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"What need of Homer's verse or Tully's prose, "Sweet interjections! if he learn but those? "Let reverend churls his ignorance rebuke, · "Who starve upon a dog's-eared Pentateuch, "The parson knows enough, who knows a duke." Egregious purpose! worthily begun

In barbarous prostitution of your son;

Pressed on his part by means, that would disgrace
A scrivener's clerk or footman out of place,
And ending, if at last its end be gained,
In sacrilege, in God's own house profaned.
It may succeed; and, if his sins should call
For more than common punishment, it shall;
The wretch shall rise, and be the thing on earth
Least qualified in honour, learning, worth,
To occupy a sacred, awful post,

In which the best and worthiest tremble most.
The royal letters are a thing of course,

A king, that would, might recommend his horse;
And deans, no doubt, and chapters, with one voice,
As bound in duty, would confirm the choice.
Behold your bishop! well he plays his part,
Christian in name, and infidel in heart,
Ghostly in office, earthly in his plan,
A slave at court, elsewhere a lady's man.
Dumb as a senator, and as a priest

A piece of mere church furniture at best;
To live estranged from God his total scope,
And his end sure without one glimpse of hope.
But fair although and feasible it seem,
Depend not much upon your golden dream;
For providence, that seems concerned to exempt
The hallowed bench from absolute contempt,
In spite of all the wrigglers into place,

Still keeps a seat or two for worth and grace;
And therefore 'tis, that, though the sight be rare,
We sometimes see a Lowth or Bagot there.
Besides, school-friendships are not always found,
Though fair in promise, permanent and sound;
The most disinterested and virtuous minds,
In early years connected, time unbinds;

New situations give a different cast
Of habit, inclination, temper, taste;

And he, that seemed our counterpart at first,
Soon shows the strong similitude reversed.

Young heads are giddy, and young hearts are warm,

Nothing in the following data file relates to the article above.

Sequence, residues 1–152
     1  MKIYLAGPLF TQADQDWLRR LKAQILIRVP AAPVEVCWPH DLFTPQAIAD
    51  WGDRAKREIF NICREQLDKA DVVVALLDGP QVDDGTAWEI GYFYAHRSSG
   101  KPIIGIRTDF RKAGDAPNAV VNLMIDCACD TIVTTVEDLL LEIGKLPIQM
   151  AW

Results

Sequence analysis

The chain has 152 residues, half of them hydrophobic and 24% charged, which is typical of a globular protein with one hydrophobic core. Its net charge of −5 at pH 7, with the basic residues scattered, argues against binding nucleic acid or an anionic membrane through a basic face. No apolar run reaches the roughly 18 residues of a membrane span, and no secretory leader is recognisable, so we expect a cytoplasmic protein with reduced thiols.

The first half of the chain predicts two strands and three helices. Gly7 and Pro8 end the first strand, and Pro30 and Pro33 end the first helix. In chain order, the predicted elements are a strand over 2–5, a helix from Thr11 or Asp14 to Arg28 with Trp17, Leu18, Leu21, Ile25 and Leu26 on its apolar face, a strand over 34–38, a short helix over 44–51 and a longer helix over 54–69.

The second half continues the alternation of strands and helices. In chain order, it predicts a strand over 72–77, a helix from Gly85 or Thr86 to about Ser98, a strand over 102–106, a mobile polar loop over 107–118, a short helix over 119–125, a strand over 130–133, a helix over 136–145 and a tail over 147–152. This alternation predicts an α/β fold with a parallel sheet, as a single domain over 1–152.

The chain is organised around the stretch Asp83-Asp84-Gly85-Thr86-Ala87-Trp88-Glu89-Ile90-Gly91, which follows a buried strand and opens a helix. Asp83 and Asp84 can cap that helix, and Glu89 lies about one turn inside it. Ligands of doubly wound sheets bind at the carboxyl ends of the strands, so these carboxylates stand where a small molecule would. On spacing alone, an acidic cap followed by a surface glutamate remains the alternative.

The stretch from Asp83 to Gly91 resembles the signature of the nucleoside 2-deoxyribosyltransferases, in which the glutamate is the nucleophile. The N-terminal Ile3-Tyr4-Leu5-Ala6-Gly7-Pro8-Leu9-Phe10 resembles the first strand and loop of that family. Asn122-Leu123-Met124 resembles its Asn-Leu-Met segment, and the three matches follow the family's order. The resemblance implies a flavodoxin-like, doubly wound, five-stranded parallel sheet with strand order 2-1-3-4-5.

And make mistakes for manhood to reform.

Boys are at best but pretty buds unblown,

Whose scent and hues are rather guessed than known,
Each dreams that each is just what he appears,

But learns his error in maturer years,
When disposition, like a sail unfurled,
Shows all its rents and patches to the world.
If, therefore, ev'n when honest in design,
A boyish friendship may so soon decline,
"Twere wiser sure to inspire a little heart
With just abhorrence of so mean a part,
Than set your son to work at a vile trade
For wages so unlikely to be paid.

Our public hives of puerile resort,
That are of chief and most approved report,
To such base hopes, in many a sordid soul,
Owe their repute in part, but not the whole.
A principle whose proud pretentions pass
Unquestioned, though the jewel be but glass---
That with a world, not often over nice,
Ranks as a virtue, and is yet a vice;
Or rather a gross compound, justly tried,
Of envy, hatred, jealousy, and pride---
Contributes most perhaps to enhance their fame;
And emulation in its specious name.

Boys, once on fire with that contentious zeal,

Feel all the rage that female rivals feel;
The prize of beauty in a woman's eyes

Not brighter than in their's the scholar's prize.
The spirit of that competition burns
With all varieties of ill by turns;
Each vainly magnifies his own success,
Resents his fellow's, wishes it were less,
Exults in his miscarriage if he fail,
Deems his reward too great if he prevail,
And labours to surpass him day and night,
Less for improvement than to tickle spite.

The spur is powerful, and I grant its force;
It pricks the genius forward in its course,
Allows short time for play, and none for sloth;
And, felt alike by each, advances both :

But judge, where so much evil intervenes,
The end, though plausible, not worth the means.
Weigh, for a moment, classical desert

Against a heart depraved and temper hurt;
Hurt too perhaps for life; for early wrong
Done to the nobler part, affects it long;
And you are staunch indeed in learning's cause
If you can crown a discipline, that draws
Such mischiefs after it with much applause.

Connexion formed for interest, and endeared
By selfish views, thus censured and cashiered;
And emulation, as engendering hate,
Doomed to a no less ignominious fate;
The props of such proud seminaries fall,
The Jachin and the Boaz of them all.
Great schools rejected then, as those that swell
Beyond a size that can be managed well,
Shall royal institutions miss the bays,
And small academies win all the praise?